Europe’s Vega rocket crashes to Earth


Artwork of the Zefiro 40 stage firing at the Vega-C missile

Europe’s premier small rocket failed again in flight.

The Vega vehicle was lost for 2.5 minutes on its last mission from the Kourou spaceport in French Guiana.

It carried two French-built high-resolution spacecraft for Earth imaging.

This is the third Vega failure in eight outings and puts further pressure on the European satellite sector, which has lost use of Russian missiles and will soon witness the retirement of the heavy launcher Ariane-5.

The successor, Ariane-6, is in any case one year after joining the company.

It was the new variant of Vega, known as Vega C, that failed. This rocket has a total of four stages, most of which burn solid fuel.

The first stage motor, designated P120C, seemed to perform without any problems.

The anomaly occurred in the rocket’s second stage, the Zefiro 40.

An immediate analysis indicated a “negative pressure” in the segment. Real-time flight recording showed that the missile failed to maintain its planned trajectory.

The vehicle and its Pléiades Neo Earth observation satellites crashed into the Atlantic Ocean.

“After launch and rated ignition of the P120C, the Vega first stage, a negative pressure was observed on the Zefiro 40, the Vega second stage,” confirms Stéphane Israel, CEO of Arianespace, the company that developed the Kourou. spaceport.

“And after this suppression, we observed a deviation from the trajectory and a very strong anomaly. Unfortunately, we can say that the mission is lost.”

Mr. Israel apologized to the satellite owners, the aerospace company Airbus Defense and Space.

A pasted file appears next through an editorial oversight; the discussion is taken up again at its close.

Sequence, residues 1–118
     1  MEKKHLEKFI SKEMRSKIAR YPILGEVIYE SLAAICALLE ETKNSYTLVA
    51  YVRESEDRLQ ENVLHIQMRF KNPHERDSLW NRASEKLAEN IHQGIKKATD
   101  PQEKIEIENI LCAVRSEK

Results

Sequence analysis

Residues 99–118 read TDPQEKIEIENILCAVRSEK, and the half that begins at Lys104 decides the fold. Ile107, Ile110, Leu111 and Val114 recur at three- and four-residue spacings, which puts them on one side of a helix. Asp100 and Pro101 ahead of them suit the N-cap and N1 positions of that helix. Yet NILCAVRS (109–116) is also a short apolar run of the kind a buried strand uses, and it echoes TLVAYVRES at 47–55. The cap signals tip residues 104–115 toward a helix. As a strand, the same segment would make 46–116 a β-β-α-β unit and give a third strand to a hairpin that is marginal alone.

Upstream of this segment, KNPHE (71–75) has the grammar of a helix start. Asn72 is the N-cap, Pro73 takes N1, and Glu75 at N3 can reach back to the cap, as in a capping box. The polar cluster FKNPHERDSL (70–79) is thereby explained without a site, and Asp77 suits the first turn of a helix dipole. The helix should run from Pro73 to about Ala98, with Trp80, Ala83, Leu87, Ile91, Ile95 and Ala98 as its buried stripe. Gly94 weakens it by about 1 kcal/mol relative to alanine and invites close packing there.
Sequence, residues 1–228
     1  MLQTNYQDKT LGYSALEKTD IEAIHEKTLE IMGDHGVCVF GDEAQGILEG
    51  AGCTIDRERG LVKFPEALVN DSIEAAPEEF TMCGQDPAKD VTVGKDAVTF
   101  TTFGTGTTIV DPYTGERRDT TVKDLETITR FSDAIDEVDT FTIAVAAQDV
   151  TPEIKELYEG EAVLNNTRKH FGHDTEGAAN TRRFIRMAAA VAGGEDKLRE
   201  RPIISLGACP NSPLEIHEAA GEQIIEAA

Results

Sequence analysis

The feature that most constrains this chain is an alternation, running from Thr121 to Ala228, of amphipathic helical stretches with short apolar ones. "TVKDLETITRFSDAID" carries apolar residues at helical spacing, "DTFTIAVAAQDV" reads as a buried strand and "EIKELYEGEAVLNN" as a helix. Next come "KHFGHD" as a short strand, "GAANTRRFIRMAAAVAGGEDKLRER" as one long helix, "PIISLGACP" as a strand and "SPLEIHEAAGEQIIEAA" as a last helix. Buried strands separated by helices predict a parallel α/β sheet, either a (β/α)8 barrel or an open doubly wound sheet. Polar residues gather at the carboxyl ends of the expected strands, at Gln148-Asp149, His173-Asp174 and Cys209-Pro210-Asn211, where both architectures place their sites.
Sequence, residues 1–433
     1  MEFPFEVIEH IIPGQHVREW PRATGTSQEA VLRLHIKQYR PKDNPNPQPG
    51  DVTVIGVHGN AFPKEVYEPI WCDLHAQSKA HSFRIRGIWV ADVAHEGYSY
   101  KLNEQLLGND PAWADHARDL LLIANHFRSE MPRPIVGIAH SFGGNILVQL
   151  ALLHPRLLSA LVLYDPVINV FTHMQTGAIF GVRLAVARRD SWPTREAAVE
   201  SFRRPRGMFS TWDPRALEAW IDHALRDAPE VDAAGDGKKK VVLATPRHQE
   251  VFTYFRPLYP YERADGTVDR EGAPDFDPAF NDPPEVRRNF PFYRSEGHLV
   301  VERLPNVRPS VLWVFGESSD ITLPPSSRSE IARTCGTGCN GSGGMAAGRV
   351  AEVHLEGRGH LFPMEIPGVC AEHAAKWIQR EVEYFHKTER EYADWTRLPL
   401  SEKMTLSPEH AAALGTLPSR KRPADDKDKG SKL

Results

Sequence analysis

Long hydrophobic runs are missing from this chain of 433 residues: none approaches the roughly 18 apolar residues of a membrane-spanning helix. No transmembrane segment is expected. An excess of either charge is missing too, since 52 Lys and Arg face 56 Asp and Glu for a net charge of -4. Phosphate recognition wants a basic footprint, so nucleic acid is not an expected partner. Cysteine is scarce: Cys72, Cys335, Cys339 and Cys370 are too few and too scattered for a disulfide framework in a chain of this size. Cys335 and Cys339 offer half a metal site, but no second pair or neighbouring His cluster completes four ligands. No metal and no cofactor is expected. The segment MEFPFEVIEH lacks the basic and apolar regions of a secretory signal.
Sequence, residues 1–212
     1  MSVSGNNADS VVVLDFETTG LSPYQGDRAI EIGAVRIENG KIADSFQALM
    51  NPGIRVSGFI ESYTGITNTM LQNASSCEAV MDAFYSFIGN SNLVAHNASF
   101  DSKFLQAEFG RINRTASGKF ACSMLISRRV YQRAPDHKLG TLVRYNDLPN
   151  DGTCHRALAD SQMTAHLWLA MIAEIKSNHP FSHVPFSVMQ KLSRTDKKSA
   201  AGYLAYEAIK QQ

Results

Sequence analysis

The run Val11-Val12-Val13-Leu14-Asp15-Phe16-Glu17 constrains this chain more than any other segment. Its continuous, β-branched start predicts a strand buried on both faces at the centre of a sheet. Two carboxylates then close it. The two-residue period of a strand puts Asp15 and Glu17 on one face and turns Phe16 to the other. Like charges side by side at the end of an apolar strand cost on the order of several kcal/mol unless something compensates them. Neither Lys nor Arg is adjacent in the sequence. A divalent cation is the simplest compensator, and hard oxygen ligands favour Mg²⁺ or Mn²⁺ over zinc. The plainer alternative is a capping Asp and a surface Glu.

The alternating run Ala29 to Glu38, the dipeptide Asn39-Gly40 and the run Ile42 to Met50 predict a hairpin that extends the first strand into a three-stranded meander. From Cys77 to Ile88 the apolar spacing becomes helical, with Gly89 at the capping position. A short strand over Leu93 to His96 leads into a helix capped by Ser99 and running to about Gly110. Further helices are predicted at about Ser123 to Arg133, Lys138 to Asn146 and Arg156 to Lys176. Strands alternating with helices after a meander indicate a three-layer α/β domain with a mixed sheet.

The two lost satellites would have been one of the most powerful European optical imagers in space, capable of resolving details on the ground as small as 30 cm in diameter.

Airbus had previously suspended four Pléiades Neo satellites. Units five and six would have completed the planned constellation.

Arianespace promises further details about the accident in a press briefing later on Wednesday.

An independent commission will be set up to investigate what happened. Only after the findings are delivered and any remedies taken can Vega be expected to get back on the run.

In the previous failure, in November 2020, this was a gap of five months.

Satellite operators in Europe were already chasing a limited number of rocket rides.

Due to the war in Ukraine and resulting Western sanctions, Russian Soyuz rockets – a mainstay of European space operations – are no longer on the market.

The Ariane-5, the largest rocket in Europe, will have only two more flights in early 2023 before being withdrawn. However, the successor to the Ariane-6 is not yet ready to fly. The first mission is scheduled for the end of 2023 and could even fail in 2024.

The shortage of rides recently prompted the European Space Agency to purchase two American launches.

The Euclid Telescope and the asteroid Hera mission will ascend on SpaceX Falcon-9 vehicles in 2023 and 2024, respectively.

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